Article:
Although the fascial plane obtained is inconclusive of the muscle group, the findings demonstrate the analgesic efficacy of the method as the lumbar fusion surgeries involve posterior approach TLIF, which is associated with more pain after surgery. Furthermore, this technique involves local anaesthetic deposition in the muscular plane, which may be easier and safer to perform than other paravertebral and neuraxial blocks. Ergonomically, this method is more advantageous.
The identification of the muscle plane in sonography is not conclusive. Therefore, to identify the plane of local anaesthetic spread, the anatomical sections (sagittal section at the level of lumbar spinous processes) were made in a cadaver similar to the ultrasound cross-section (limitations of this series). This finding suggested that the local anaesthetic deposition was made in the fascial plane in the longissimus muscle. However, the anatomic details were limited due to the non availability of advanced techniques and logistic reasons.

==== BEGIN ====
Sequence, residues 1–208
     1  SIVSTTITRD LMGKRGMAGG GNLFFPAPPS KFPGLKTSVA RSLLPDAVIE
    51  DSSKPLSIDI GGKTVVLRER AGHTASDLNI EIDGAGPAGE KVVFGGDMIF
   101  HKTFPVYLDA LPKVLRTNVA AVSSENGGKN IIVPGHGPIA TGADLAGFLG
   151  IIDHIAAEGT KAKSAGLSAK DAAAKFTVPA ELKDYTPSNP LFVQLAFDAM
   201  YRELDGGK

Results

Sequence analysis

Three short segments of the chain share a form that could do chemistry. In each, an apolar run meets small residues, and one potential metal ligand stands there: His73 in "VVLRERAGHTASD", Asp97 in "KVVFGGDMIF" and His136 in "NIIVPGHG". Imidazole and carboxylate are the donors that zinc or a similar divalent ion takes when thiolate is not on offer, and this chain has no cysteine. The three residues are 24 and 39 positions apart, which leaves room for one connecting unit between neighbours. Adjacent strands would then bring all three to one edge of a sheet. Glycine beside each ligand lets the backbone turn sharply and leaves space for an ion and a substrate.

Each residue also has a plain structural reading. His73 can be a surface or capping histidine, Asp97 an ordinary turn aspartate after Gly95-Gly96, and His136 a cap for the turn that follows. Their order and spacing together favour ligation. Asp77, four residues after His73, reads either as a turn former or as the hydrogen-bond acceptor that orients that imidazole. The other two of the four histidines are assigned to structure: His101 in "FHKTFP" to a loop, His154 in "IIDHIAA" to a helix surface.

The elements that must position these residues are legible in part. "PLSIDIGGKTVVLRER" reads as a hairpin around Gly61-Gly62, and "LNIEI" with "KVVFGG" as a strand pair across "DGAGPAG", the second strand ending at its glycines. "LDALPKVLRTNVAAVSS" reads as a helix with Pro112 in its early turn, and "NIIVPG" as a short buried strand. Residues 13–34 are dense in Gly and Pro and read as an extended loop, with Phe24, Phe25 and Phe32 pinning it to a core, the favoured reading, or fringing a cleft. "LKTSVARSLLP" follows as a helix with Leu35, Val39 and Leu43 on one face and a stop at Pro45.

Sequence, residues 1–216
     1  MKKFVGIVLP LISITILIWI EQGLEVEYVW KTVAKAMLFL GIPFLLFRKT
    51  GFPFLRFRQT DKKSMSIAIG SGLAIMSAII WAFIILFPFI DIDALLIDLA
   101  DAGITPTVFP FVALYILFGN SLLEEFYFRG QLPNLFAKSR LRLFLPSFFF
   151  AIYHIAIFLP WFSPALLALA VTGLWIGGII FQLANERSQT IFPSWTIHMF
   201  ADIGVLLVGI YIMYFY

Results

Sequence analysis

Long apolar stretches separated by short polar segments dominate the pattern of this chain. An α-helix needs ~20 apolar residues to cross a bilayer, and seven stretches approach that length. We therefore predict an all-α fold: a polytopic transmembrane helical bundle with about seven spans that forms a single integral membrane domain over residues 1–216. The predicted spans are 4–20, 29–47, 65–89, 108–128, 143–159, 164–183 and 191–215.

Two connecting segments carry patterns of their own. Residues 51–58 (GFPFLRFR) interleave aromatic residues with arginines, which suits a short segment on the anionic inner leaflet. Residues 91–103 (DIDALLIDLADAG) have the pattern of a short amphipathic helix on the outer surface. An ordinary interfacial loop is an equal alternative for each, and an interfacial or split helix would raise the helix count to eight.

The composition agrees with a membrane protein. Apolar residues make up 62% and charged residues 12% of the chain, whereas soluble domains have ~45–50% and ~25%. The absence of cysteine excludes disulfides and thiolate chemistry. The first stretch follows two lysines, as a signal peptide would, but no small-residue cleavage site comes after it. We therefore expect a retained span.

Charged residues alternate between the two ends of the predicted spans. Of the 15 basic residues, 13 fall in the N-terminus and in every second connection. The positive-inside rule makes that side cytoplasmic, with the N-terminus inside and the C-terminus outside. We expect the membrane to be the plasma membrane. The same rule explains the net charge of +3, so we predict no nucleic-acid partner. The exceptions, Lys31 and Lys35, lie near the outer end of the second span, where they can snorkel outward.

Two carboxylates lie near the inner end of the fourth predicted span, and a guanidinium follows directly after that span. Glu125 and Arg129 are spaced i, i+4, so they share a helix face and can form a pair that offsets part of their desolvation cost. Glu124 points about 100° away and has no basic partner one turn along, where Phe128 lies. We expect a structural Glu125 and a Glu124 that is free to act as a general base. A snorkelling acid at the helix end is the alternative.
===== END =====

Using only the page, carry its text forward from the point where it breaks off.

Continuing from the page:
In conclusion, the novel ultrasound method of TLIP block has provided adequate intraoperative and postoperative pain relief for the two patients requiring lumbar spine fusion surgery. Future studies are required to correlate the gross anatomy and ultrasound section to investigate the mechanism and spread of local anaesthesia.
Date of Submission: Sep 01, 2021
Date of Peer Review: Dec 02, 2021
Date of Acceptance: Jan 08, 2022
Date of Publishing: Mar 01, 2022
• Financial or Other Competing Interests: None
• Was informed consent obtained from the subjects involved in the study? Yes
• For any images presented appropriate consent has been obtained from the subjects. Yes